Taiwan’s Statesman: Lee Teng-Hui and Democracy in Asia
Lee Teng-Hui is the first democratically-elected president of Taiwan. He once studied in Kyoto University when Taiwan was then part of Japan. After World War II, after the Republic of China (ROC) took over Taiwan, Lee enrolled in National Taiwan University and received his B.S. degree in agricultural science. He earned his M.S. degree in agricultural economics from the Iowa State University, and a Ph.D. in agricultural economics from Cornell University. Lee’s life experience has not only given him an open-minded heart, but produced him “a spiritual passion made up of equal parts Zen Buddhist philosophy and nineteenth-century Western anti-rationalism”, so writes Dr. Richard C. Kagan, the author of the book.
From the book, Lee can best be described as a "pragmatic democrat"; in other words, while possessing a general sense of the ideals of democracy, he was ready to compromise them when he felt it necessary for his political survival. Most importantly, he possessed the necessary abilities to maximize his leadership role. He was able to set the agenda, to build coalitions, to mobilize the public, to select the timing of actions, to make use of the resources of the system, to foster a discourse of legitimacy, and to maintain a balance among contradictory forces. All of these showed Lee’s flexible social skills and enabled him not only to maintain the dominant status of the KMT (Kuomintang, the Nationalist Party) much longer into the process than would have been expected, but also to exert influence on subsequent political developments through new means.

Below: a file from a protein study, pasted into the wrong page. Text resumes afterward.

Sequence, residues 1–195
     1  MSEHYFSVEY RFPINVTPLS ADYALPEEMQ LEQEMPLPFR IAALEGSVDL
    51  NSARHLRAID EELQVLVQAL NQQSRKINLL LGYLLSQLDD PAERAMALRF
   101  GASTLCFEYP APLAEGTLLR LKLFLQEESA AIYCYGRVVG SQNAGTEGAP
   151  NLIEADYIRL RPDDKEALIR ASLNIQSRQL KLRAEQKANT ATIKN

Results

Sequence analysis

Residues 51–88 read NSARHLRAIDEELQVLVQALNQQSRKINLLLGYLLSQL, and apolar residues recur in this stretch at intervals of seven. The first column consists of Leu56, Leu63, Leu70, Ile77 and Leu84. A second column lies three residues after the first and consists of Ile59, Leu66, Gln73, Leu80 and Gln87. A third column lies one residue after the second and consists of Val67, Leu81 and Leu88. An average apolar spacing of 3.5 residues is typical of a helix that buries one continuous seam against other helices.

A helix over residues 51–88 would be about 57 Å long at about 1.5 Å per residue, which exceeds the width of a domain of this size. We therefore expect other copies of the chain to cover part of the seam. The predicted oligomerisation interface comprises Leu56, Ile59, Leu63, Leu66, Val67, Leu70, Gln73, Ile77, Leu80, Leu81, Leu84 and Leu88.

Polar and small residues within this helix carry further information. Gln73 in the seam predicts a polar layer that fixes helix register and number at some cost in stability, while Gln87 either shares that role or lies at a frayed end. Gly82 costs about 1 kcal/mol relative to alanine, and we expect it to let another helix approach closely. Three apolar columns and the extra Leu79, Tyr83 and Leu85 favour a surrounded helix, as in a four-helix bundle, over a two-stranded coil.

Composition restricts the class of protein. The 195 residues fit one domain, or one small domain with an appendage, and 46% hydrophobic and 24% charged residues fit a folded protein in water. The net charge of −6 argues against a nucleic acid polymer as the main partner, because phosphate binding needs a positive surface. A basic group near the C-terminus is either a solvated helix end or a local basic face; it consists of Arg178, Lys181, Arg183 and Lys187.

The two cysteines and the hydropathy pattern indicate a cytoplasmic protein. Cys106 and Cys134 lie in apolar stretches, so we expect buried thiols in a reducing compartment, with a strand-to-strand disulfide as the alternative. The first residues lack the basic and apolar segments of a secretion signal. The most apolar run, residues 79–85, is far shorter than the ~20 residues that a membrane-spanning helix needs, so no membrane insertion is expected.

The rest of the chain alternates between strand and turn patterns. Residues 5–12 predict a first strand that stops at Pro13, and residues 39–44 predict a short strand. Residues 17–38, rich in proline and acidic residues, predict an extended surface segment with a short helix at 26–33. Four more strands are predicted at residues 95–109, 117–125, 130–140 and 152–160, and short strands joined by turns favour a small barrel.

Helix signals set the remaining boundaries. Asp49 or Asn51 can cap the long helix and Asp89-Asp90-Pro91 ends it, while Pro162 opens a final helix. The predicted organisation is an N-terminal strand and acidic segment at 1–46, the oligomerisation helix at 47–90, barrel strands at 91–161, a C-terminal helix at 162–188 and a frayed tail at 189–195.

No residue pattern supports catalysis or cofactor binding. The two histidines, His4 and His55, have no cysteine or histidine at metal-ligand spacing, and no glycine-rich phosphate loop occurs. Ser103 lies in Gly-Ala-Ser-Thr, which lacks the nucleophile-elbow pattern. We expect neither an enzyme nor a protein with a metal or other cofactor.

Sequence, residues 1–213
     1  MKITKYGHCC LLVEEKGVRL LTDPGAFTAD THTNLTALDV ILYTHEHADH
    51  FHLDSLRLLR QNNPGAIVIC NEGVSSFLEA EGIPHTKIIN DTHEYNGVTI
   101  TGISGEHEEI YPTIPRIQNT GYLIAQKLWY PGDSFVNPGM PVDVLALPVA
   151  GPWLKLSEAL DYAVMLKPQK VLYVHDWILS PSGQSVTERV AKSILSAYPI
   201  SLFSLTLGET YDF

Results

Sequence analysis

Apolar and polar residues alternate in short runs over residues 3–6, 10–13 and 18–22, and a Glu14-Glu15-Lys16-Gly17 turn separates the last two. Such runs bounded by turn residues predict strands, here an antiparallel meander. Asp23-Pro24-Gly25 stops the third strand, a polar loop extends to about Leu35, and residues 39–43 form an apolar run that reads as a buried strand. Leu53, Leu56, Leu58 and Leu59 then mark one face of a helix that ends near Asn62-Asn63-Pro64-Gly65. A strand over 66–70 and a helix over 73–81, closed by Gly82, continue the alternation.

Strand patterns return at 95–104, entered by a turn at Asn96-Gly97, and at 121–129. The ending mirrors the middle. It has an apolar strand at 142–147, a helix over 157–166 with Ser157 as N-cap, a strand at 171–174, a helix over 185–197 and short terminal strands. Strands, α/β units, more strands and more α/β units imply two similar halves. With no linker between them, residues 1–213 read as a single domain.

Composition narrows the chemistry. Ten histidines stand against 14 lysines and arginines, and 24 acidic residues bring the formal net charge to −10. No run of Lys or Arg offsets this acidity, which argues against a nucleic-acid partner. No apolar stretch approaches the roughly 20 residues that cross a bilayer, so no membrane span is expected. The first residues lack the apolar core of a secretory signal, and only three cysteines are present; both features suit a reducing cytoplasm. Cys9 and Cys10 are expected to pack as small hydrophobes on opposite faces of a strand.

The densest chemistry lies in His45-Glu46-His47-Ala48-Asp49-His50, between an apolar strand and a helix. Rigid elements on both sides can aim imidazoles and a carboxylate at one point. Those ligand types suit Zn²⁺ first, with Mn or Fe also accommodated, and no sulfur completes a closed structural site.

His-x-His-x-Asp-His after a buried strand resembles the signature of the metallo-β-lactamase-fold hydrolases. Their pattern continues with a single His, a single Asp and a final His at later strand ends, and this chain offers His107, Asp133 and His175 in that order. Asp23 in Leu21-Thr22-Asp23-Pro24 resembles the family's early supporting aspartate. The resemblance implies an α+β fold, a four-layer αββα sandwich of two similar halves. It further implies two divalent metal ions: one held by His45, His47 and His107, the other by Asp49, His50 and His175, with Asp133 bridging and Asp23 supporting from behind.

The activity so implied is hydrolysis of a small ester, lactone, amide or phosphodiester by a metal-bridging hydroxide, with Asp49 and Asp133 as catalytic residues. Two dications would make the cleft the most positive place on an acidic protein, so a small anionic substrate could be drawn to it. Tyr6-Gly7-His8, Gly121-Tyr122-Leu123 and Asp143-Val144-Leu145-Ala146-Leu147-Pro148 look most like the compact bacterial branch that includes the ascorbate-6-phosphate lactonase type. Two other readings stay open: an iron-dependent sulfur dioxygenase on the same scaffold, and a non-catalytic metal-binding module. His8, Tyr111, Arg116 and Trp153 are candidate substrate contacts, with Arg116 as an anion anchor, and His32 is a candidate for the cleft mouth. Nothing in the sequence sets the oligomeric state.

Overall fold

Some studies combined the goal-oriented and the tactical analyses to give a picture of Lee as a “transformational leader”. As society transformed, Lee transformed along with it, and he matched himself to the society's needs at each period. On the one hand, he was channeled by changing circumstances and, at the same time, he affected the...
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